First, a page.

1. Practice Sun Safety
When it comes to protecting your kids from the sun, sunscreen plays an important role. But sunscreen is just one of the ways to guard against the sun's damaging rays. Because the sun's rays can reflect off of the sand and water or other reflective surfaces, hats and sunglasses can also play an important role in preventing UV damage.
- Apply sunscreen. It can certainly be challenging to remember to apply sunscreen at least 30 minutes before going outdoors. But that's exactly what you and your kids should do before heading outside, even on cloudy days (that's because UVA rays can go right through the clouds and still cause damage). Use generous amounts of UVA- and UVB- blocking sunscreen with an SPF of at least 15 and reapply every two hours or more often after swimming or sweating. Studies have shown that people often underestimate how much sunscreen they should be using, so be sure to follow the directions on the package (about one ounce for the entire body is usually the recommended amount). If your grade-schooler is old enough and wants to apply his own sunscreen, supervise the application and remind him to wash his hands when he's done so that he doesn't accidently rub sunscreen into his eyes. Finally, avoid using combination sunscreens with insect repellants because when sunscreen is reapplied, it can lead to excessive exposure to the repellant.
- Get some sun-protective clothing. Dress your kids in hats with wide brims and tightly-woven cotton clothing or clothes that have SPF built-in (many kids' clothes, especially swimsuits, have sun protection in them nowadays). Try to stay out of the sun between 10 a.m. and 4 p.m., when the sun is at its most intense peak, and try to stay in the shade as much as possible.
- Shop for some cool shades. Don't forget your child's eyes when you are out and about. Look for kids' sunglasses that block 99 to 100 percent of UVA and UVB rays. You don't need to spend a lot on kid sunglasses -- research has shown that inexpensive sunglasses that are labeled as protective for UVA and UVB are effective in blocking the sun's harmful rays.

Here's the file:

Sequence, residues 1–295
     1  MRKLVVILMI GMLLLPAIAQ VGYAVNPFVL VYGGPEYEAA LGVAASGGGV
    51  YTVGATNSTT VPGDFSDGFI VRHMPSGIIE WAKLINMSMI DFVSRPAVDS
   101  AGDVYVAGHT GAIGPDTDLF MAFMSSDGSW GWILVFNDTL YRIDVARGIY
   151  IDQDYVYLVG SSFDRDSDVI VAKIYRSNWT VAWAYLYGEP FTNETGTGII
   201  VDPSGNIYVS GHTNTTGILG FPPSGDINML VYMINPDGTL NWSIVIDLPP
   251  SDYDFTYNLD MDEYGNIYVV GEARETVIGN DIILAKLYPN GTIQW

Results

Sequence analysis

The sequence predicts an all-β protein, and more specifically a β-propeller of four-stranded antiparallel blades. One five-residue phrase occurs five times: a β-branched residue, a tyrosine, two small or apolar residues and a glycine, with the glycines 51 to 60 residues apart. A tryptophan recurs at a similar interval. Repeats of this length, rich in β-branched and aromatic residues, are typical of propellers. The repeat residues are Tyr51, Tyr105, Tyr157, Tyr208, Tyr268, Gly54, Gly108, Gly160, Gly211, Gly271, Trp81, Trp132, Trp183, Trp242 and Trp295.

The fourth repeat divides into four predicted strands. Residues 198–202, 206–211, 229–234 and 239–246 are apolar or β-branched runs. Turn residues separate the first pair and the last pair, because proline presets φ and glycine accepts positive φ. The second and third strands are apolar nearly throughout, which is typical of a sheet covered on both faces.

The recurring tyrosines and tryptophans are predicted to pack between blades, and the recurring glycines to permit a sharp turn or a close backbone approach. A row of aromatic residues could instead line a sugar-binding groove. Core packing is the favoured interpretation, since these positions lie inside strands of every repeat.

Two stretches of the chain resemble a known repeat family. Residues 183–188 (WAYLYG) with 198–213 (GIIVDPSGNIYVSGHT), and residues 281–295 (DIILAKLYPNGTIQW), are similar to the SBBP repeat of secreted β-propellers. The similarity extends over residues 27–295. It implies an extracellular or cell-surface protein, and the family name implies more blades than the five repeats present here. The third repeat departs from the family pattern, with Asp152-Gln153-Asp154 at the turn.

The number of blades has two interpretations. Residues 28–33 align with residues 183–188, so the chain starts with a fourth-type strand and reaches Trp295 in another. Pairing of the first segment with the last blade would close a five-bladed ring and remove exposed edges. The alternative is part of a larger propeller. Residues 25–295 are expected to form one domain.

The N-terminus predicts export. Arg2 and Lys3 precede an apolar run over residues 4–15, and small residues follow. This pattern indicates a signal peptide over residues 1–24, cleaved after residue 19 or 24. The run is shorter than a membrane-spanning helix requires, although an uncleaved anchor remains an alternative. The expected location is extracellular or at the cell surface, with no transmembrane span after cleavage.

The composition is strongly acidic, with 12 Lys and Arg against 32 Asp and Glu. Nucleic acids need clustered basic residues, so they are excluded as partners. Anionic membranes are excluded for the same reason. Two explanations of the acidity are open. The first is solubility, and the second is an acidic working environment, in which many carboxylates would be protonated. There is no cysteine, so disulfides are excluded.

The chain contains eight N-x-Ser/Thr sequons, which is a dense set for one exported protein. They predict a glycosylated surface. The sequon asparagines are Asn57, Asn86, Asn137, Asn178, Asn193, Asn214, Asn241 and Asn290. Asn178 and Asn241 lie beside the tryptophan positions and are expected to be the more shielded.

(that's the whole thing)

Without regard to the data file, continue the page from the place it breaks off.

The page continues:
2. Protect Against Bugs
Bugs are one of those annoyances of summer. But insects such as potentially disease-carrying mosquitoes and bees can also be harmful to kids. To protect your child against bugs:
Use insect repellents to guard against ticks, which can carry Lyme Disease, and mosquitoes, which can carry the West Nile Virus and other viruses. Many repellents are made with DEET, an effective insecticide that is toxic or even potentially deadly if swallowed. If you do use a product containing DEET, it's crucial not to apply the product to a child's hands or face to avoid possible ingestion; it's also important to wash off the product before bed to prevent overexposure to the chemical.
Another effective ingredient found in repellents is picardin, but DEET is the most effective, and what doctors recommend (at 30 percent DEET concentrations) given the dangers posed by viruses such as West Nile.
An alternative to DEET-containing repellents are natural insect repellents; however, parents should keep in mind that "natural" doesn't always mean "safe." Talk to your pediatrician about which insect repellent is right for your family.
- Wear long sleeve shirts and long pants when going outside, particularly at dusk when mosquitoes are more likely to be present.
- Never leave stagnant pools of water around the house. Pools of water can serve as breeding grounds for mosquitoes.
- Avoid using scented soaps or perfumes on your child. And do not allow your child to walk around carrying sweetened beverages, such as fruit juices. These sweet, strong scents can attract bees and wasps and increase your child's risk of being stung.
3. Prevent Dehydration
Whether your child is playing soccer with teammates or running around in the park with some buddies, it's important to keep in mind that frequent water breaks are very important to prevent dehydration. Your child should drink water before exercise and during breaks, which should be about every 15 to 20 minutes. On particularly hot and humid days, it's also a good idea for parents to spray down kids with some water from a spray bottle.
4. Don't Forget Helmets
Your child should wear a helmet whenever she is on anything with wheels, such as a scooter, bicycle, or roller skates. A helmet is the most important device available that can reduce head injury and death from a bicycle crash, according to Safe Kids USA. And be sure to set a good example by always wearing your helmet when riding your bike.
5. Practice Food Safety
Food borne illnesses increase in the summer because bacteria grow faster in warmer temperatures and humidity. On top of that, more people are eating and preparing food outdoors, at picnics and barbecues, where refrigeration and places to wash hands are not readily available.To prevent food borne illnesses:
- Be sure to wash your hands before preparing or serving any food. Make sure your children wash their hands, or at least use an alcohol-based hand sanitizer, before eating.
- Never cross-contaminate. Do not allow any raw meat or poultry to come into contact with any other food or plates or utensils.
- Consider the temperature. Use a thermometer and be sure to cook all meat and poultry to the correct temperatures to kill any harmful bacteria. Keep all perishable foods in the refrigerator and do not keep leftovers unrefrigerated for more than one or two hours.